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Top Attractions


Daulatabad Fort:

Daulatabad fort located on a hilltop dating back to the 12th century is one of the most popular tourist attractions in the city. Known to be one of the most secret and quizzically built Forts of Maharashtra, Daulatabad fort is surrounded by a 40 feet trench said to have been infested with crocodiles. Constructed by Singhana II (1210-46 AD), the Fort is one of the most preserved forts in Maharashtra. Known as a Fort that could never be conquered tactfully, the fort's security system was only breached by treachery and deceit of the invading armies. The fort area is surrounded by three concentric walls or fortifications. The fortress displays a strong wall of 5 km and a series of ramparts.


Chini Mahal:

Chini Mahal palace lying in the Kalakor ramparts is one of the most beautiful monuments in Daulatabad. Built with intricate blue Chinese tiles, the Chinese palace or Chini Mahal was also the palace hosting the imprisoned last Sultan of Golconda, Abdul Hasan Tana Shah by the Mughal Emperor Aurangzeb.


The Dark Passage:

Andhari passage also known as the dark passage is one of the architectural marvels of the Daulatabad fort that made it one of the most secure forts ever built. Any invader who miraculously made it past the fortified walls and across the moat would have been faced with the final obstacle of passing through a pitch dark zig-zag cave passage known as Andhari, carved through the rock. The army hiding inside the dark enclosure used to kill the stuck enemy soldiers using spears.


Chand Minar:

Chand Minar or the Tower of Victory is a 30 feet high tower in the vicinity of the Daulatabad Fort built by Ala-ud-din Bahmani after taking over the fort in 1435. The four-storied tower stands adorned with glazed tiles and carved motifs. According to historians, Chand Minar was also used as a prayer hall in the earlier times.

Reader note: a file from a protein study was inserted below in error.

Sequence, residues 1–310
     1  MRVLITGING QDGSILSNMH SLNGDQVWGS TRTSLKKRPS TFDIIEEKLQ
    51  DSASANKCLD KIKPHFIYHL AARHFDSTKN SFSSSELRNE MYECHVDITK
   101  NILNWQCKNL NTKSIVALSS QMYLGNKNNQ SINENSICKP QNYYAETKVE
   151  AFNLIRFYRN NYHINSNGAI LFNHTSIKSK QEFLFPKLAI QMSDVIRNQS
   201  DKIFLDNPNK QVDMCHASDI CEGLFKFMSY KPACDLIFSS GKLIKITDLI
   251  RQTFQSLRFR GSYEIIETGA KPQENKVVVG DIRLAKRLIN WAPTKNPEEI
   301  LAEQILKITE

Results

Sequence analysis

Jami Masjid:

Jami Masjid is a popular tourist and pilgrimage landmark in Daulatabad. Located inside the Daulatabad Fort complex, the mosque known as Jami Masjid was constructed in 1318 by Qutub-ud-din Mubarak, the Khilji ruler of Delhi. The mosque has 106 splendid pillars, which were looted from several Hindu and Jain temples. The mosque has hence been converted into a Bharat Mata Temple.


Nizamshahi Mahal:

Nizamshahi Mahal is a ruined palace which was the adobe of Nizam Shahi dynasty who ruled Daulatabad from 1490 till Mughal Emperor Aurangzeb invaded the city. Nizamshahi mahal exhibits typical Islamic architecture of India, with pointed arches and geometric motifs. Located within the Kalalot ramparts, Nizamshahi Mahal is being restored to its original glorious form by the archeological survey of India.



Baradari is an octagonal shaped palace that acted as the home to the ancient rulers of Daulatabad. Built in the 17th century by Mughal king Shah Jahan, the palace has been preserved in its original form and showcases a panoramic view of the Daulatabad Fort and its surrounding plains.


Mendha Canon:

The Medha cannon are one of the most well known landmarks of Daulatabad Fort. Located within the Kalakot walls, the ancient cannon built in the 17th century, the cannon has the ability to rotate on its axis as desired. An inscription on the cannon contains the name of Aurangzeb, the 17th century Mughal Emperor.